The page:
The GaN film 31, obtained, was formed into a desired pattern, and it has been confirmed that the embodiment certainly makes it possible to reliably, easily realize patterning of gallium nitride compound semiconductors, which was not easy heretofore.

The pattern surface and side walls of the GaN film 31 after etching were observed through a scanning electron microscope. As a result, no etch pit was found and a smooth surface was confirmed. Further, composition of the GaN surface after etching was measured by Auger electron spectroscopy. As a result, ratio of Ga and N did not change from that prior to processing. This is probably because direct plasma irradiation onto the SiO2 film 36 on the GaN film prevented the underlying GaN film 31 from damage by plasma irradiation. That is, it has been confirmed that the embodiment prevents degradation of the electric characteristics and optical characteristics due to irradiation damage that was inevitable in existing conventional plasma etching.

Although the invention has been explained, taking the GaN film as a specific, the invention ensures the same effects also when applied to etching of InN, AlN, InGaN, AlGaN, and so on.

FIG. 19 is a diagram that shows the concept of a semiconductor device that can be manufactured by a method according to the invention. That is, FIG. 19 shows a cross-sectional configuration of a gallium nitride-based light emitting diode. Its general configuration is explained below. That is, the light emitting element 100 has a multi-layered structure depositing semiconductors on a sapphire substrate 112. Deposited on the sapphire substrate are a buffer layer 114, n-type contact layer 116, n-type cladding layer 118, light emitting layer 120, p-type cladding layer 122 and p-type contact layer 124 in this order.

Material of the buffer layer 114 may be n-type GaN, for example. The n-type contact layer 116 is an n-type semiconductor layer with a high carrier concentration to ensure reliable ohmic contact with an n-side electrode 134. Its material may be GaN, for example. The n-type cladding layer 118 and the p-type cladding layer 122 have the role of confining carriers in the light emitting layer 120, and are required to have wider energy band gaps than the light emitting layer. Their material may be AlGaN having a wider band gap than the light emitting layer 120. The light emitting layer 120 is a semiconductor layer in which electric charges implanted as a current in the light emitting element recombine and generate light. Its material may be undoped InGaN, for example. The p-type contact layer 124 is a p-type semiconductor layer with a high carrier concentration to ensure reliable ohmic contact with a p-side electrode. Its material may be GaN, for example.

On the p-type contact layer 124, a p-side electrode layer 126 is deposited. On the n-type contact layer 118, an n-side electrode layer 134 is deposited.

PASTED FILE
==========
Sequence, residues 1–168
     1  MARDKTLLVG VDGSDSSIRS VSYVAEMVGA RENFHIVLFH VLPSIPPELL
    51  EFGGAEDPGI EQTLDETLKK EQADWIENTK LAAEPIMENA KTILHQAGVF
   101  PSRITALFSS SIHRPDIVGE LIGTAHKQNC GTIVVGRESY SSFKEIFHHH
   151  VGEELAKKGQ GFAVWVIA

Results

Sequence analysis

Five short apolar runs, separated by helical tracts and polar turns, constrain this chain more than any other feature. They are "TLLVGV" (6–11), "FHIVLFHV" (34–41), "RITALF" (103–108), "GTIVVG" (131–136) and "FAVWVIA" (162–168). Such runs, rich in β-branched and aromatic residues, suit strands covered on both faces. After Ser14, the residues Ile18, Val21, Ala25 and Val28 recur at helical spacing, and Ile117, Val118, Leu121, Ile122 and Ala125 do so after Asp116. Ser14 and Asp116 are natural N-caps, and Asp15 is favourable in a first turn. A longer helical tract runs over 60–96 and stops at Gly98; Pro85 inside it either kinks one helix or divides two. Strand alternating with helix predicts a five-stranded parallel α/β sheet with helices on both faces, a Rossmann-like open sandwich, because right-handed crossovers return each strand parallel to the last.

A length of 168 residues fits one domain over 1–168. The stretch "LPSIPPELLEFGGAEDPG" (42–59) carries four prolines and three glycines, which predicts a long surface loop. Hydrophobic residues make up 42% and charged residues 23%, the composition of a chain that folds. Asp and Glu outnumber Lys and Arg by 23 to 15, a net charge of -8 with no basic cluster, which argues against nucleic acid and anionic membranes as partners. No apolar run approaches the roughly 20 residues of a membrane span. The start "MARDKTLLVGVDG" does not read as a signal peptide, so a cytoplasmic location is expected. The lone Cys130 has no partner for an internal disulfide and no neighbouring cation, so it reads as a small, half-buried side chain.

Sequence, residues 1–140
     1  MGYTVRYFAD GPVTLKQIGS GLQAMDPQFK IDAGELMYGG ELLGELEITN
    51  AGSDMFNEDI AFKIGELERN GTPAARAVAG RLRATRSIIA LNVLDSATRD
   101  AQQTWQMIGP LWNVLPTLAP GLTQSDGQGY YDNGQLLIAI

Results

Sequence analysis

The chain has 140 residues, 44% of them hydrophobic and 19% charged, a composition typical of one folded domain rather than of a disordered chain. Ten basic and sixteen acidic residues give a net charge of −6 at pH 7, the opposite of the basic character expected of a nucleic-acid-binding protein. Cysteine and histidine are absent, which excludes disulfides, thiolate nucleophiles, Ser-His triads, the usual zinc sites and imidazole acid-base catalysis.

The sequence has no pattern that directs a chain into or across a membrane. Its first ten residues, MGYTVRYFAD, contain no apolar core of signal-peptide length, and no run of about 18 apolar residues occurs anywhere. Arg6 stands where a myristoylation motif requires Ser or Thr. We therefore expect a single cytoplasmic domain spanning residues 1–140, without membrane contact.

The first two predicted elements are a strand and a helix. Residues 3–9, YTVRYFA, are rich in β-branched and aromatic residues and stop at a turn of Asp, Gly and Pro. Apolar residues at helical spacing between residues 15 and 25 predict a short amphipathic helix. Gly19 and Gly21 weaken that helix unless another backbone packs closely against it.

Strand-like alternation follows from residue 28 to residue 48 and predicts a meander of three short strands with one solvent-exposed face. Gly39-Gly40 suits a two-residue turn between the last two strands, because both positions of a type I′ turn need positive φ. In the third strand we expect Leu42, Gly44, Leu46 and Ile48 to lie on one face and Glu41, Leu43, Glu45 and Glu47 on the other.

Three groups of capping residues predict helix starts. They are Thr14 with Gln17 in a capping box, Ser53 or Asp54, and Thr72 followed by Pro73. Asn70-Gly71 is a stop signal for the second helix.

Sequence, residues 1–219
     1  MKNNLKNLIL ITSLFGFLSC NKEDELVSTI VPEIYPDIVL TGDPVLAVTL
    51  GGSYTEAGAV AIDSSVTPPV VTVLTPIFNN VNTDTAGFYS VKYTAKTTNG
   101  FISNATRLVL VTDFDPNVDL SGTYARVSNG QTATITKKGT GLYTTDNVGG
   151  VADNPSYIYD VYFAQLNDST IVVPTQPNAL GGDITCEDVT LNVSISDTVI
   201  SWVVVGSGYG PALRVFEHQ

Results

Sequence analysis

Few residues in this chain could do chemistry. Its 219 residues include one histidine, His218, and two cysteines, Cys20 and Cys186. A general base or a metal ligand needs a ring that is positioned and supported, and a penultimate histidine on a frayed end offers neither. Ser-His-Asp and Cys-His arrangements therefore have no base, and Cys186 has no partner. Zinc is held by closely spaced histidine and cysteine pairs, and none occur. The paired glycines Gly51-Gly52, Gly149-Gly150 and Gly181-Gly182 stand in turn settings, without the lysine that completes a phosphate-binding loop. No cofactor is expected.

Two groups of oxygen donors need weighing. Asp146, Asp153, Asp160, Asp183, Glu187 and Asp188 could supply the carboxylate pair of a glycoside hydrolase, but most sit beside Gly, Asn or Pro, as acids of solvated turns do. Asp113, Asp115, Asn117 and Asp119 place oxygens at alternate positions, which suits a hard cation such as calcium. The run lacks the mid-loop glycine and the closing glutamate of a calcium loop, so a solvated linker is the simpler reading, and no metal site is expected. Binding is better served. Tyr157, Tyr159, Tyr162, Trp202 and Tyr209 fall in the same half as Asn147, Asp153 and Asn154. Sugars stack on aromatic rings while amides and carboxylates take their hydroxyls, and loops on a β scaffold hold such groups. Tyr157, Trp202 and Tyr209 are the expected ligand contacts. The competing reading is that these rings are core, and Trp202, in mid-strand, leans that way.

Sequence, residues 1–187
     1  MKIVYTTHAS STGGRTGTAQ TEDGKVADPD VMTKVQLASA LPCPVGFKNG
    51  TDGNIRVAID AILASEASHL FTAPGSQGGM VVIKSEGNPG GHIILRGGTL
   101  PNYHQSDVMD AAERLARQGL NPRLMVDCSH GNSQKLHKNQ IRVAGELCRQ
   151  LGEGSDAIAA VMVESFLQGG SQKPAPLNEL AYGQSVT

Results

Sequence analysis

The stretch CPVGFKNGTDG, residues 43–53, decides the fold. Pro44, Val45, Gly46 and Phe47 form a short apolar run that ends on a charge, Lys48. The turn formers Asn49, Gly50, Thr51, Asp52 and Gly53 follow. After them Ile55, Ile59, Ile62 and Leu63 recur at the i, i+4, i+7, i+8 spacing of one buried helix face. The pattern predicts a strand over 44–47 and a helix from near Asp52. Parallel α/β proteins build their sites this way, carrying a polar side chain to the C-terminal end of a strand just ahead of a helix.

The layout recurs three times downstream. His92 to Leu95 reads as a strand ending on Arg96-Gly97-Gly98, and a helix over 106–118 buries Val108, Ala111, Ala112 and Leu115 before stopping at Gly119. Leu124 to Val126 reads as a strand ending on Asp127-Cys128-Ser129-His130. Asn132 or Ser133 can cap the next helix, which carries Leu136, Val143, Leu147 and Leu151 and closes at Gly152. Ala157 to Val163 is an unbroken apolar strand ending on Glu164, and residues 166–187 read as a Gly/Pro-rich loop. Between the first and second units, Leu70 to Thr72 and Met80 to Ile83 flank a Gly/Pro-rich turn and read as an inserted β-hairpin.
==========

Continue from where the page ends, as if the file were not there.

On a location of the p-type contact layer 124, a current blocking layer 130 is formed. On the current blocking layer 130, a bonding pad 132 of Au is deposited, and a part thereof is in contact with the p-side electrode 126. A wire, not shown, is bonded to the bonding pad 132 to supply the element with a drive current.

The current blocking layer 130 has the role of preventing emission under the Au electrode 32. That is, in the light emitting element 100, light generated in the light emitting layer 120 is taken out upward through the electrode layer 126. However, because of a large thickness of the electrode, the bonding pad 132 cannot transmit light. Therefore, by providing the current block layer 130 not to implant the drive current to under the bonding pad 132, useless emission is prevented.

Also on the n-side electrode 134, a bonding pad 132 is deposited. The bonding pad 132 can be made by deposited Au film formation. Further, the surface other than the bonding pad 132 is covered with a silicon oxide layer 145.

The light emitting element 100 having the above-explained structure is mounted on a mount material such as lead frame, packaging substrate, etc., which are not shown, by bonding the bottom surface of the substrate 112 and bonding wires to the bonding pad, such that a drive current is supplied.

For fabricating the light emitting diode explained above, it is necessary to first make a wafer by sequentially depositing semiconductor layers 114 through 124 on the substrate 112 and thereafter locally expose the n-type contact layer 116 by patterning the wafer in order to make the n-side electrode 134. In this patterning process, the invention can be used. That is, it is possible to pattern the wafer made of nitride semiconductors and locally expose the n-type contact layer 116 by using the method already explained as the eighth example of the invention.

According to the invention, in the patterning step, a predetermined patterning configuration can be made reliably, easily, without damaging semiconductor layers.

The structure shown in FIG. 19 is not but an example among semiconductor devices that can obtained by the present invention. In addition to this, the invention can similarly make various other light emitting elements using nitride semiconductors, such as light emitting diodes and semiconductor lasers, photodetective elements, optical modulators, or various kinds of electronic devices, such as transistors and diodes, and appropriate combinations thereof.